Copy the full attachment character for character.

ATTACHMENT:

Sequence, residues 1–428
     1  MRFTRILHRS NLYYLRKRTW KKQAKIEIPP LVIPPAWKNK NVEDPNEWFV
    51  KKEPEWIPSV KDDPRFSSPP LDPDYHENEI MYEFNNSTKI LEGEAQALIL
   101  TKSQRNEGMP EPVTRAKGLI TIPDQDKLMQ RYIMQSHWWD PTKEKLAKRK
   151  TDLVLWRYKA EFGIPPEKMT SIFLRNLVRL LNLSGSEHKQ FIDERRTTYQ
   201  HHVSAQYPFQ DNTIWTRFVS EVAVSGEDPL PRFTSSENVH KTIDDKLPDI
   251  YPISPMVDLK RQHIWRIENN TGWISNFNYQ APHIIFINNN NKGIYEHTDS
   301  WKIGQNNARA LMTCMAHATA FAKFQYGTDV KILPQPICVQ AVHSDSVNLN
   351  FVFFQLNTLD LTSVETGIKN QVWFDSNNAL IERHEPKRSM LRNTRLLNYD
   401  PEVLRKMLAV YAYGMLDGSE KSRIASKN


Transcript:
Sequence, residues 1–428
     1  MRFTRILHRS NLYYLRKRTW KKQAKIEIPP LVIPPAWKNK NVEDPNEWFV
    51  KKEPEWIPSV KDDPRFSSPP LDPDYHENEI MYEFNNSTKI LEGEAQALIL
   101  TKSQRNEGMP EPVTRAKGLI TIPDQDKLMQ RYIMQSHWWD PTKEKLAKRK
   151  TDLVLWRYKA EFGIPPEKMT SIFLRNLVRL LNLSGSEHKQ FIDERRTTYQ
   201  HHVSAQYPFQ DNTIWTRFVS EVAVSGEDPL PRFTSSENVH KTIDDKLPDI
   251  YPISPMVDLK RQHIWRIENN TGWISNFNYQ APHIIFINNN NKGIYEHTDS
   301  WKIGQNNARA LMTCMAHATA FAKFQYGTDV KILPQPICVQ AVHSDSVNLN
   351  FVFFQLNTLD LTSVETGIKN QVWFDSNNAL IERHEPKRSM LRNTRLLNYD
   401  PEVLRKMLAV YAYGMLDGSE KSRIASKN